In itself, this is nothing out of the ordinary. Almost any numerical integration problem will have errors due to finite quantization. And it's relatively easy to improve on this using more advanced integration techniques. If Euler doesn't work, your next step would typically be to try Verlet Integration. If your interactions are due to harmonic potentials, like simple springs, for example, you'll get rid of almost all systematic errors and gain a huge boost in precision. Not with gravity, though. You can then go to higher order methods, like RK4. And again, you will see an improvement, but for a gravity problem, not enough of it.

Typically, you start getting decent results once you switch to implicit methods. Gauss-Legendre Method, for example, gives you pretty good precision for the chosen time step. But even that won't be enough if you try to simulate the Solary System. There are more advanced methods that I'm not sufficiently familiar with, that one would use to get sufficiently good results to actually make predictions for trajectories of asteroids and comets.

That said, don't feel too discouraged. You won't get anything with scientific precision, but as far as playing with simple systems and learning what does and does not work, it's a pretty good problem. It's also a good introduction into integration methods. If you can program the very basic, Euler Method integration of trajectories, then you are entirely capable of modifying that code to run Verlet Integration. It's very simple, and you'll see how much difference it makes.

The site that TurtleMeister linked uses leapfrog instead of Verlet. They are similar. In general, Verlet is a little better. But in this particular case, you are unlikely to see much difference. Go for whichever makes more sense, or try both.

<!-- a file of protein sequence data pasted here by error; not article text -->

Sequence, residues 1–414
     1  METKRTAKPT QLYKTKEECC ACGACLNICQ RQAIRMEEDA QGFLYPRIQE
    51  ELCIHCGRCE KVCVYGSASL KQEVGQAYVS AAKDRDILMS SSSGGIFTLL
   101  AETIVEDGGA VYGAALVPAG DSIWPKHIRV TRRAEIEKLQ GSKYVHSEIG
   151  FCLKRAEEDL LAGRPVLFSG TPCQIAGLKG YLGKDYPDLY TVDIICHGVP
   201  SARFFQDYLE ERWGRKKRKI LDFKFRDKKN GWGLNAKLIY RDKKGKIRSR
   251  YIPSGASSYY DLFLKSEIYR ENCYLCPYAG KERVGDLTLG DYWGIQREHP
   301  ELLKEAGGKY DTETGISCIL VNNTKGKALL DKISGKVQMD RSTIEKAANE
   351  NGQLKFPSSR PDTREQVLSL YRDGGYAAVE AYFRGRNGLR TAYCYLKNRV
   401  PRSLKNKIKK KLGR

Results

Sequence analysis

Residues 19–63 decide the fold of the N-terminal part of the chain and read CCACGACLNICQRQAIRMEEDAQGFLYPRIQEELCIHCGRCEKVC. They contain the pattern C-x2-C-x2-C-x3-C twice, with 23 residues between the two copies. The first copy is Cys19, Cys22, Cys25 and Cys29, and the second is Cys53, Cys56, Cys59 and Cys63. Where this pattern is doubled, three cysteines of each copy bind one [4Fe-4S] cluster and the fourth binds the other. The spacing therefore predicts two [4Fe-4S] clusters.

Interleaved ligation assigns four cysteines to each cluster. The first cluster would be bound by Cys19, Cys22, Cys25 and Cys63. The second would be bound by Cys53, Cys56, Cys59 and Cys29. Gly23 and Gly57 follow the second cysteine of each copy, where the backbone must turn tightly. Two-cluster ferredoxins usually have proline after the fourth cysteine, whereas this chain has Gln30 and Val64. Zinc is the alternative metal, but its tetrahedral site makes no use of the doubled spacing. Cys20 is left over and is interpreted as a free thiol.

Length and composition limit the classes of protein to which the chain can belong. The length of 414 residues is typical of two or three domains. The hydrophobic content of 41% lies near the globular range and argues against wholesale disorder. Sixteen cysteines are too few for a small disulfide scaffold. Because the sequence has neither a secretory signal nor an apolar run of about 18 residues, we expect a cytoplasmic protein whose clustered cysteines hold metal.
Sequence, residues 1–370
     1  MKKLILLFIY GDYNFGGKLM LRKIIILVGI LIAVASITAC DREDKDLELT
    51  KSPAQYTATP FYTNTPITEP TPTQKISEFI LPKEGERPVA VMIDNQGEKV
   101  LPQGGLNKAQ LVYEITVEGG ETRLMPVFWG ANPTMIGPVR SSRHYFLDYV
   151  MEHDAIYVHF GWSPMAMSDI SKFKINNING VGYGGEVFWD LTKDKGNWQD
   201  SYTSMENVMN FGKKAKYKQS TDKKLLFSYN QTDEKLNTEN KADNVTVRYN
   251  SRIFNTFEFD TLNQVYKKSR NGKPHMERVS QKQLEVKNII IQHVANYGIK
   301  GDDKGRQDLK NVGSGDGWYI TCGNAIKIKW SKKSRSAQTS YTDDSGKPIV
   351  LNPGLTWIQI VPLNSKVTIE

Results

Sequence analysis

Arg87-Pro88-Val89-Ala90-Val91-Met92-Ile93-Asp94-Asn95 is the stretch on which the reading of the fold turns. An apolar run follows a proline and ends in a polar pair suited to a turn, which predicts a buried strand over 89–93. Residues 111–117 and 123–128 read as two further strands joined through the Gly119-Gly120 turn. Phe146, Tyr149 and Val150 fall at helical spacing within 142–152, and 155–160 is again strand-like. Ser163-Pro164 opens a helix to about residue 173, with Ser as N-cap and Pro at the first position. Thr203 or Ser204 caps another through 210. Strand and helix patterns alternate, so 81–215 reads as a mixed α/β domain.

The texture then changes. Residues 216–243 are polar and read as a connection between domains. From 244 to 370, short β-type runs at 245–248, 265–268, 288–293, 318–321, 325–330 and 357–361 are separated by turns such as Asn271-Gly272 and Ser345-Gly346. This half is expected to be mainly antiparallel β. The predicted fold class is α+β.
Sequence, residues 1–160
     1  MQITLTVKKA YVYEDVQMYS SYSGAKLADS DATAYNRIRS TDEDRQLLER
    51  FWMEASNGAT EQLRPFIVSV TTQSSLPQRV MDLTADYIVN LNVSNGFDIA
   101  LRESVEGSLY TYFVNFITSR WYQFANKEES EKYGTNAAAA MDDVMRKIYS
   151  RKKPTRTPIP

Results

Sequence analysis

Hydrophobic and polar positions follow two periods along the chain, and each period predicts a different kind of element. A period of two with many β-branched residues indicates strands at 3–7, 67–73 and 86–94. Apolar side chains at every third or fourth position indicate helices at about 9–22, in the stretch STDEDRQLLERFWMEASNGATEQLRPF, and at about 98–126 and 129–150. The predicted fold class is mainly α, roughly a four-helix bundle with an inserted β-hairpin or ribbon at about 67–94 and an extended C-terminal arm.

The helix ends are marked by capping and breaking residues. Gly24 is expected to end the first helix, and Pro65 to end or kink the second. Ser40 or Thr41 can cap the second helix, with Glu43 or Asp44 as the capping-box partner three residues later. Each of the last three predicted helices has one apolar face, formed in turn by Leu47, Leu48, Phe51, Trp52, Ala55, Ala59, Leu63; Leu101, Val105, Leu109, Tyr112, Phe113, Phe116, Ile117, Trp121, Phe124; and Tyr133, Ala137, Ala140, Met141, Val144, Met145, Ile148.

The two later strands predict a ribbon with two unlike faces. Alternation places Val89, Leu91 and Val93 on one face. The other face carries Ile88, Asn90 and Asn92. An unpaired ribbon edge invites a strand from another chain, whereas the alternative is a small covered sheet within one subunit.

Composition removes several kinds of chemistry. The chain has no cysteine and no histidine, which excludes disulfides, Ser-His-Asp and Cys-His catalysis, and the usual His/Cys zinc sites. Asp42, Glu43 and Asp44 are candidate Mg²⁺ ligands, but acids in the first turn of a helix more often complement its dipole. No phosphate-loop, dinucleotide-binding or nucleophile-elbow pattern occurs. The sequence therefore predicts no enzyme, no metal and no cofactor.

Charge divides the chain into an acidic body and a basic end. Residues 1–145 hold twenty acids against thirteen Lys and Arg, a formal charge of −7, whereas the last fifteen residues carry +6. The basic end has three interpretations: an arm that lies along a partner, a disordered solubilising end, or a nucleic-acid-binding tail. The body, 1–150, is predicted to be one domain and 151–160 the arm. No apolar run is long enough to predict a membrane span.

7. Dec 9, 2013

### AlephZero

That depends how you look at it. If you want accurate results, your numerical method has to be consistent with conservation of energy, and conservation of angular monentum. If the energy is wrong, your orbits will turn into spirals, either inwards or outwards. If angular momentum isn't conserved, you might get a repeating orbit, but the period will be wrong.

In other words, interpreting the numerical method in terms of physics, not just math, can be a good way to see what's good or bad about it.

The buzzword for all this is "symplectic" - but don't worry if Googliing that doesn't find anything you can understand. Just learn by doing!

8. Dec 10, 2013

### K^2

As I pointed out, even a Verlet, which is a symplectic integrator, results in energy buildup over time. It's not as bad as naive explicit Euler, but it's going to make precise computations of trajectories in Solar system impossible. This gets even worse if you are trying to compute trajectory of a small body, such as asteroid or a comet, influenced by much larger bodies. From perspective of asteroid/comet, you are dealing with a time-dependent potential, and energy is not conserved to begin with.

If you'd like to give it a try, you can get positions of all major players in the Sol System from JPL's Horizons and try integrating a trajectory of some comet for which you can also find data. You'll find significant disagreement unless you go to a high order implicit method.

9. Dec 10, 2013

### poo2thegeek

I used TutrleMeister's method most, as it was by far the easiest to implement within a computer program. The difference in acceleration and movement is calculated in by a BigDecimal, with a rounding of 128 decimal places. This should theoretically mean that the majority of any numerical errors would come from the rounding of the Gravitational Constant, which I have set as 6.67384E-11
If anyone has a more accurate/exact value for the constant then could they please give me a link to it?

Thanks everyone for all this information! I haven't done a large amount of this mathematics before as I am still quite young in my education, but I'll try my best to learn. Thanks again all!

10. Dec 10, 2013

### sophiecentaur

It is very straightforward to write a routine that will give you a mass, orbiting around a much larger mass - to a level of accuracy that makes it 'look ok'. You just do this step by step, from one point to the next, adding in the effect of the gravitational force to the initial velocity. I did it years ago on a Psion 3 and it looked very convincing and was stable for hours (precessing a bit, eventually running away or collapsing but even that could be caught with a suitable test or better precision).

11. Dec 10, 2013

### poo2thegeek